We investigated the effects of toxic wastewater generated during the production of phenol-acetone on activated sludge and tested pretreatment methods to selectively remove the toxicity. We found that the microbial activity in the activated sludge was inhibited by the wastewater, in which cumene hydroperoxide (CHP) with a medium effective concentration (EC50) of 225 mg L−1 was the main toxic substance. We tested one pretreatment method with ferrous iron to selectively remove the CHP. The CHP decomposition process, which mainly produced acetophenone, was very quick. The CHP was selectively transformed into low-toxicity organics, and a maximum of 92% was removed when 1.08 mmol L−1 of ferrous iron was added, for a reaction time of 10 min, a pH of 5, and a temperature of 25 °C, and the resulting wastewater only slightly inhibited the oxygen uptake rate of activated sludge. The acclimation of activated sludge was accelerated, and a COD removal rate of more than 85% was achieved within a week. Our results confirm that ferrous iron provides a cost-effective method to selectively remove toxins from wastewater.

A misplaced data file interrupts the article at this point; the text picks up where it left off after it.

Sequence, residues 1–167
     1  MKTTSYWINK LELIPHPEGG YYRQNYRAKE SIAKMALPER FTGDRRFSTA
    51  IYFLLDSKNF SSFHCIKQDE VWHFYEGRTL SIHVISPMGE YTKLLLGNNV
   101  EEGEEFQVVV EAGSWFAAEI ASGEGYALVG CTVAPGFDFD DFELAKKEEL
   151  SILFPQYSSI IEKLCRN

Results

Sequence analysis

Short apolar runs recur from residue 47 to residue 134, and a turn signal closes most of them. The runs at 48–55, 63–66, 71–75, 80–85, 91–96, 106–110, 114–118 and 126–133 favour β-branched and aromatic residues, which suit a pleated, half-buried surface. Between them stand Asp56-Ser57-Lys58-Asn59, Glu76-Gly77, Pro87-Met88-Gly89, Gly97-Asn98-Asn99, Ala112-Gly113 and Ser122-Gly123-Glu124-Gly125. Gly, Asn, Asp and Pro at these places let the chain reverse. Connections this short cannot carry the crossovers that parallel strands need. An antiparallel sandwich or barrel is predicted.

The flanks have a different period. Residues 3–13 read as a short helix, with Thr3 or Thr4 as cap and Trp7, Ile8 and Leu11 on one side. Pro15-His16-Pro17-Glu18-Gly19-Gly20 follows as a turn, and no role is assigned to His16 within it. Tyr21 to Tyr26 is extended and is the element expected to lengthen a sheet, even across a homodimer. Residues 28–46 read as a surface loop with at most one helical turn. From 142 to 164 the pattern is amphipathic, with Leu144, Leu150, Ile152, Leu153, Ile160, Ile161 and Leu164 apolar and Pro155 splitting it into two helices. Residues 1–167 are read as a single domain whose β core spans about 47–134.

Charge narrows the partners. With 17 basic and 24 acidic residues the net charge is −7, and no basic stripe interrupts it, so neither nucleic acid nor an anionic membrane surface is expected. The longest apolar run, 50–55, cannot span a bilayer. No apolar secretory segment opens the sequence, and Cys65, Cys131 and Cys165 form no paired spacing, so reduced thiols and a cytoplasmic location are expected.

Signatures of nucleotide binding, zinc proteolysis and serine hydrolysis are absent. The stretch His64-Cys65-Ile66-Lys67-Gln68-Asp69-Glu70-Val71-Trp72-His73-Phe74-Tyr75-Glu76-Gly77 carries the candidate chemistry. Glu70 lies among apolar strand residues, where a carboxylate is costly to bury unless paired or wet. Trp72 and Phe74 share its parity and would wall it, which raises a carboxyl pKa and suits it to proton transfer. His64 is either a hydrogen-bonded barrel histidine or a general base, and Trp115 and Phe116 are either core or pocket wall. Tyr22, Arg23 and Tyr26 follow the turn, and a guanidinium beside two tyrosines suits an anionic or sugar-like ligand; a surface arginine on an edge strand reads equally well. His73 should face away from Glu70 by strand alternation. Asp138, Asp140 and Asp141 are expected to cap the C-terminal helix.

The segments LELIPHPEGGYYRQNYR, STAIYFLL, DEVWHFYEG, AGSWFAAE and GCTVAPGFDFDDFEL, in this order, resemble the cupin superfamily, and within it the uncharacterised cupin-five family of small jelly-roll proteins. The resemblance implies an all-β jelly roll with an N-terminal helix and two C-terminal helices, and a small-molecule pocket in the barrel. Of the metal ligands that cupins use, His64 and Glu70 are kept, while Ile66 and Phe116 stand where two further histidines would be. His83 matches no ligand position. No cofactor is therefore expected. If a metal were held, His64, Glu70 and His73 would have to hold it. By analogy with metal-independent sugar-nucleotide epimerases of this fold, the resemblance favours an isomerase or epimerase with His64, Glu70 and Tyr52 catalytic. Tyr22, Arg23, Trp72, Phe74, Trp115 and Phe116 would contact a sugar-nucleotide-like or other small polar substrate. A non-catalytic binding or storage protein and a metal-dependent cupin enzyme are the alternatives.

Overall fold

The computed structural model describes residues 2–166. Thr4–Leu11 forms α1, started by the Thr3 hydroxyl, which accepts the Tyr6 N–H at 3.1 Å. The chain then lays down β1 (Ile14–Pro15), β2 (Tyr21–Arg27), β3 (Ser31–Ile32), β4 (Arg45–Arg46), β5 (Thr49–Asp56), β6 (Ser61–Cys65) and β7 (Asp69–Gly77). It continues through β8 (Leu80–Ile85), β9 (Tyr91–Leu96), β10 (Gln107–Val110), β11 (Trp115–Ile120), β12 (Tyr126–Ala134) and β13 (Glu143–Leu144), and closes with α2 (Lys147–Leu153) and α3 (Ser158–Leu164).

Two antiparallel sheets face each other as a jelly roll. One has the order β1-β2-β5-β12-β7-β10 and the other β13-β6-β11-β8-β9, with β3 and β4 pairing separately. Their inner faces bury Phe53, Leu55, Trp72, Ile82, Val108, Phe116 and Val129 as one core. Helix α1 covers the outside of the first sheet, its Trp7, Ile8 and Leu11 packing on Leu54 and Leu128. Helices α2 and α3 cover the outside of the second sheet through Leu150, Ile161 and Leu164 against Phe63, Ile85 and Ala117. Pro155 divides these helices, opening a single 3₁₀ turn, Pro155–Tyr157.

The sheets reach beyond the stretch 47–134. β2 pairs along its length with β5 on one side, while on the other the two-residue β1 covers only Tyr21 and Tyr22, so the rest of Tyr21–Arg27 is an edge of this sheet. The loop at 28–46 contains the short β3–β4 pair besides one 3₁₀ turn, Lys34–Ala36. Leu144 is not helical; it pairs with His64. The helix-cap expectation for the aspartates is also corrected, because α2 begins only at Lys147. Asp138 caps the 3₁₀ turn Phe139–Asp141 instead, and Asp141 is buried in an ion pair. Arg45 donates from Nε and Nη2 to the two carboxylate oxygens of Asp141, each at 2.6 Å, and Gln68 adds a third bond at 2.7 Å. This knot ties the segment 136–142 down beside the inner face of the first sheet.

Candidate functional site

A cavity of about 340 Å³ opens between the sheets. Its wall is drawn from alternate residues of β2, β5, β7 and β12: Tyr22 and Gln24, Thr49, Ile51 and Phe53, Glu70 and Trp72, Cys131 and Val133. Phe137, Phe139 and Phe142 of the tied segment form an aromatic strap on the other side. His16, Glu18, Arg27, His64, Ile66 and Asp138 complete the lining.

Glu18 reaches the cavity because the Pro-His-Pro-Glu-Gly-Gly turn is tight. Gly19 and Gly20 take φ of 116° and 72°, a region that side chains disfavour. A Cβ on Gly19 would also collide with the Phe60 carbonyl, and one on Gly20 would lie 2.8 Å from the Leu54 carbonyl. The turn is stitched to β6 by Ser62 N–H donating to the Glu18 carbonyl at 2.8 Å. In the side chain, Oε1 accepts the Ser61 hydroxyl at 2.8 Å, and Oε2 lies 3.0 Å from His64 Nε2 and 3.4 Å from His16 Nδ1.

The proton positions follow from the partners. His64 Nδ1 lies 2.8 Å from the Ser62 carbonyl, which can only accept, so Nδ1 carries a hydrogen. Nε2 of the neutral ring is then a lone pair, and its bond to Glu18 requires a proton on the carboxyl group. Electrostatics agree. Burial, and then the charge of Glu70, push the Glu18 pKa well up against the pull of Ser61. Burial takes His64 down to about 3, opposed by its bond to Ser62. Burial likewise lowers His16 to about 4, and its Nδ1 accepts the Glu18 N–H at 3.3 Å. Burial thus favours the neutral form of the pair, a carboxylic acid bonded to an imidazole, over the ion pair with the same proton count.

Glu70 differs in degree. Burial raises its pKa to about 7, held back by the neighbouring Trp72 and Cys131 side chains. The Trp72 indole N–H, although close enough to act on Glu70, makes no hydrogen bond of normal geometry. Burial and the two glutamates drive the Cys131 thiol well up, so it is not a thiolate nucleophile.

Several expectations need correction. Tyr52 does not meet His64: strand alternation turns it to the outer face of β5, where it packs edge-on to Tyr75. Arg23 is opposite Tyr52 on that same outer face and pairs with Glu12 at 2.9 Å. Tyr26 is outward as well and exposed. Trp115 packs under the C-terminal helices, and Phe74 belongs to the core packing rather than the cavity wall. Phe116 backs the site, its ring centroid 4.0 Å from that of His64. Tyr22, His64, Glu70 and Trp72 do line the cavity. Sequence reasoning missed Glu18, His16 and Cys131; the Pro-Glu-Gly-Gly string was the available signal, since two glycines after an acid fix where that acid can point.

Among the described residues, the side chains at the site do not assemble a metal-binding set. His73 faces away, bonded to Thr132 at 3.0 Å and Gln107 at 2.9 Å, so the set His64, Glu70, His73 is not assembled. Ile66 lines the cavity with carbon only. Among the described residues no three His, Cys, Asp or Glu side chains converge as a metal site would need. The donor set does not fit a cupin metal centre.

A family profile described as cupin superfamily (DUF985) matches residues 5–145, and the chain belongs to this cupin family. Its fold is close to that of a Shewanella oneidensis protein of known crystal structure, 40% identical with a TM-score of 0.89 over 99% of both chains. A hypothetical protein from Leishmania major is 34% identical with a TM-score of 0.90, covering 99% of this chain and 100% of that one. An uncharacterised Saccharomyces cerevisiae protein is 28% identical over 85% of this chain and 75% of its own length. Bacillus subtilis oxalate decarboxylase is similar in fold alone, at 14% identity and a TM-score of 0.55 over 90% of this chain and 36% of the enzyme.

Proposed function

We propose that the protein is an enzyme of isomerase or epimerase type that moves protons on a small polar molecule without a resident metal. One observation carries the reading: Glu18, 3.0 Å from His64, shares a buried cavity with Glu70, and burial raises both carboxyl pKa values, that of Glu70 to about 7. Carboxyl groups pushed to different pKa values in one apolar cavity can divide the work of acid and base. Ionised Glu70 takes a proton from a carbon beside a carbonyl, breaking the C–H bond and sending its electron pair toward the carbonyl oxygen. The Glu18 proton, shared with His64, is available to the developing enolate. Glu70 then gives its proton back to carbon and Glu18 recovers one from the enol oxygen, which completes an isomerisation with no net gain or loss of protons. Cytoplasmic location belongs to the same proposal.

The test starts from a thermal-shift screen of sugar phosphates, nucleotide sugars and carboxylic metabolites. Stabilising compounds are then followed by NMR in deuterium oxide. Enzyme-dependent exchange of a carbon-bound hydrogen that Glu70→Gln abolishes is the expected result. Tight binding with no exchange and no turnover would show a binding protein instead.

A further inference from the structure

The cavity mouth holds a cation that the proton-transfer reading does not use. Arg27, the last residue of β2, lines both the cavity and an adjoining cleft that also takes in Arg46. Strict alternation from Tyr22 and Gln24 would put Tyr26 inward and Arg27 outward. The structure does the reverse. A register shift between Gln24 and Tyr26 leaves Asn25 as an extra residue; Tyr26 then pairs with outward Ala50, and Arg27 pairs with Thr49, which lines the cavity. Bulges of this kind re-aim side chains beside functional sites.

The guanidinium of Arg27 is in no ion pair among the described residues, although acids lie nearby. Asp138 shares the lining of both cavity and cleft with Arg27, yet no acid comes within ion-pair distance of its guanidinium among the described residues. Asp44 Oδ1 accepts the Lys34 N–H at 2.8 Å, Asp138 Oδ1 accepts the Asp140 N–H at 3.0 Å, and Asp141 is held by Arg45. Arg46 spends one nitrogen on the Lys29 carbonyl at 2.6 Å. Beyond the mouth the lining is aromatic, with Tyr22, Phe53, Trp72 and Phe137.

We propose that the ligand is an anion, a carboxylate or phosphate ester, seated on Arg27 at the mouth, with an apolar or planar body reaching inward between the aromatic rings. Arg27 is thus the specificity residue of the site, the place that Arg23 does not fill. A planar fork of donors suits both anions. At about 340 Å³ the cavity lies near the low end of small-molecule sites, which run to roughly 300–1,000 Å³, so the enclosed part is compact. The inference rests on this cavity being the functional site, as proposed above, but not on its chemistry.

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This study was funded by the China Special Science and Technology Project for the Treatment and Control of Water Pollution (2012ZX07201-005) and the National Natural Science Foundation of China (Grant No. 51308521).
Compliance with ethical standards
Conflict of interest
The authors declare that they have no conflict of interest.
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